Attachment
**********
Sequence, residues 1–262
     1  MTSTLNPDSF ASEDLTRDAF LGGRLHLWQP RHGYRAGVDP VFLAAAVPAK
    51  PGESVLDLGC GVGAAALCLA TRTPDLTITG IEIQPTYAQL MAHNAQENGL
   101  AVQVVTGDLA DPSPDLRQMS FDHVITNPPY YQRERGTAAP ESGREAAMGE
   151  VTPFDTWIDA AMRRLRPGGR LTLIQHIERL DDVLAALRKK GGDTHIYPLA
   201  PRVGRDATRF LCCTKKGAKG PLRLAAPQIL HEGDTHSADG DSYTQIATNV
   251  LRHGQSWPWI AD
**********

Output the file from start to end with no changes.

Sequence, residues 1–262
     1  MTSTLNPDSF ASEDLTRDAF LGGRLHLWQP RHGYRAGVDP VFLAAAVPAK
    51  PGESVLDLGC GVGAAALCLA TRTPDLTITG IEIQPTYAQL MAHNAQENGL
   101  AVQVVTGDLA DPSPDLRQMS FDHVITNPPY YQRERGTAAP ESGREAAMGE
   151  VTPFDTWIDA AMRRLRPGGR LTLIQHIERL DDVLAALRKK GGDTHIYPLA
   201  PRVGRDATRF LCCTKKGAKG PLRLAAPQIL HEGDTHSADG DSYTQIATNV
   251  LRHGQSWPWI AD